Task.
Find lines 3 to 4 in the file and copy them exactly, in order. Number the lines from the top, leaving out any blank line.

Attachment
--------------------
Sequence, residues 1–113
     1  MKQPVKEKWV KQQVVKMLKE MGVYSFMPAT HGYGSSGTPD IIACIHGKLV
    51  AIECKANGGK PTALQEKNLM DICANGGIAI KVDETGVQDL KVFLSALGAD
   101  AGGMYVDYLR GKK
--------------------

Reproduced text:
    51  AIECKANGGK PTALQEKNLM DICANGGIAI KVDETGVQDL KVFLSALGAD
   101  AGGMYVDYLR GKK